When I set out to create Baltimore Commercial Break 2, I wanted to do two things. First and foremost, I wanted to give everyone another look into my soul musically. But after that, I wanted to give folks a chance to see some of the diverse talent that Baltimore has given the indie world.
I was inspired, partly, by Joy Postell and the entire thing that went down regarding GoldLink’s album. I said to myself “hey, that was wild. Baltimore has a lot of dope talent and it should be recognized.” After that and getting a second (twelfth?) wind, I sat down and started to work. One person I knew I had to have on the album was Wayne Watts.
As I’ve said many times before, Wayne kind of acted like a musical big brother to me as a Terp. Before UMD and meeting Wayne, I knew I had talent. That was God-given. But I sucked at performing live. I’d get nervous and take a shot or two before I went on stage. Sometimes, it’d work and sometimes, I’d look like a complete ass on stage.
One of the first things I ever asked Wayne, and I don’t even know if he remembers this, was “how do you perform so calmly?” He said something along the lines of just get lost in the music and do what you do. It was simple advice, but advice that helped me overcome my performing stage fright and become a better artist. I stopped throwing shots back and approached the mic clear and sober. While I don’t perform as much anymore, I still apply that lesson to my recording style–and life.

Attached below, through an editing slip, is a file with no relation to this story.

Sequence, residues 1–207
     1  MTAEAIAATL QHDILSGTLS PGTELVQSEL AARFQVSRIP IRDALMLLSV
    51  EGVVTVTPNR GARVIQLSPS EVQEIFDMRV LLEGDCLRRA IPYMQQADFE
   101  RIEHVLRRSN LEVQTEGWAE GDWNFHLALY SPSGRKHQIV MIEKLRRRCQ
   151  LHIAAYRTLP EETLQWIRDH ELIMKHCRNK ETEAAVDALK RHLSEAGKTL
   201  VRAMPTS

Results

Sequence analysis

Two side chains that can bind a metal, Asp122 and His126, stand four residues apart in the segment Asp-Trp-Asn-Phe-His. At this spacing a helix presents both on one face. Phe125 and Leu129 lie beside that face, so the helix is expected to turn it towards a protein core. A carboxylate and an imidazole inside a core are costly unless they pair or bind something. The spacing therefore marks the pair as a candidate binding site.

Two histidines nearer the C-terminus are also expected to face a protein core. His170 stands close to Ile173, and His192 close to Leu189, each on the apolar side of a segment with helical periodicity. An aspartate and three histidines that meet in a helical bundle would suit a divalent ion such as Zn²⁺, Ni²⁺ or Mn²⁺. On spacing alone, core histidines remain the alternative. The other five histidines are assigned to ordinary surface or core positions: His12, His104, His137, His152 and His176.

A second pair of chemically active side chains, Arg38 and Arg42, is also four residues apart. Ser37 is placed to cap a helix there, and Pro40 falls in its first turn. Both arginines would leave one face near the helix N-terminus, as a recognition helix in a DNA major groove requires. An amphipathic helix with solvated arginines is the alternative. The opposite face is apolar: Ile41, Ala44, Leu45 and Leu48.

Bringing it back to the present, “Baltimore Man” is a song that is triumphant but defiant. It speaks on some of the issues in my hometown while also showing the resiliency that the city gave me. It shows my scrappy nature (as I mention that I’d even start do non-traditional things again to provide for my kids) and the scrappy nature of my city. While even the politicians go off the rails, the city is stronger than certain people make it out to be. I added in my children on the hook because they’re a huge reason why this Baltimore Man keeps pushing and elevating.
Wayne’s contribution, a bridge of sorts, was added in because I needed that additional “hey we’ve been through hell, but we’re still standing” vibe. Its call and response nature was a team effort, as Wayne hit me up like “Speed, you should call out and then we drop in my vocals.” We did that and weeks later, “Baltimore Man” was ready to go.
Check it out above and remember to support dope music in all its forms.